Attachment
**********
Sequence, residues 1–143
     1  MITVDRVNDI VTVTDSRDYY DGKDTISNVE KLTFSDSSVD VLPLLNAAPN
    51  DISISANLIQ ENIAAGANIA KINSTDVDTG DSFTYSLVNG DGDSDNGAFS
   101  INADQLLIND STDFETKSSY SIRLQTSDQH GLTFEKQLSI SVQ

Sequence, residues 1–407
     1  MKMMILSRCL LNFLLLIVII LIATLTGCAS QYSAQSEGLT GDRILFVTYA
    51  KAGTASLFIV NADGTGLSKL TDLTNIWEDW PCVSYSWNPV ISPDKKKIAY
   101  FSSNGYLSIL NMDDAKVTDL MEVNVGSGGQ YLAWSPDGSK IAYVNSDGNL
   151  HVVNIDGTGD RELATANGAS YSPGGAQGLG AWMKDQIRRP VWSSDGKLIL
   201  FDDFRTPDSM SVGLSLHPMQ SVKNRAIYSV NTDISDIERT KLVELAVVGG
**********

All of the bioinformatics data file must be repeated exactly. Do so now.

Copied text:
Sequence, residues 1–143
     1  MITVDRVNDI VTVTDSRDYY DGKDTISNVE KLTFSDSSVD VLPLLNAAPN
    51  DISISANLIQ ENIAAGANIA KINSTDVDTG DSFTYSLVNG DGDSDNGAFS
   101  INADQLLIND STDFETKSSY SIRLQTSDQH GLTFEKQLSI SVQ

Sequence, residues 1–407
     1  MKMMILSRCL LNFLLLIVII LIATLTGCAS QYSAQSEGLT GDRILFVTYA
    51  KAGTASLFIV NADGTGLSKL TDLTNIWEDW PCVSYSWNPV ISPDKKKIAY
   101  FSSNGYLSIL NMDDAKVTDL MEVNVGSGGQ YLAWSPDGSK IAYVNSDGNL
   151  HVVNIDGTGD RELATANGAS YSPGGAQGLG AWMKDQIRRP VWSSDGKLIL
   201  FDDFRTPDSM SVGLSLHPMQ SVKNRAIYSV NTDISDIERT KLVELAVVGG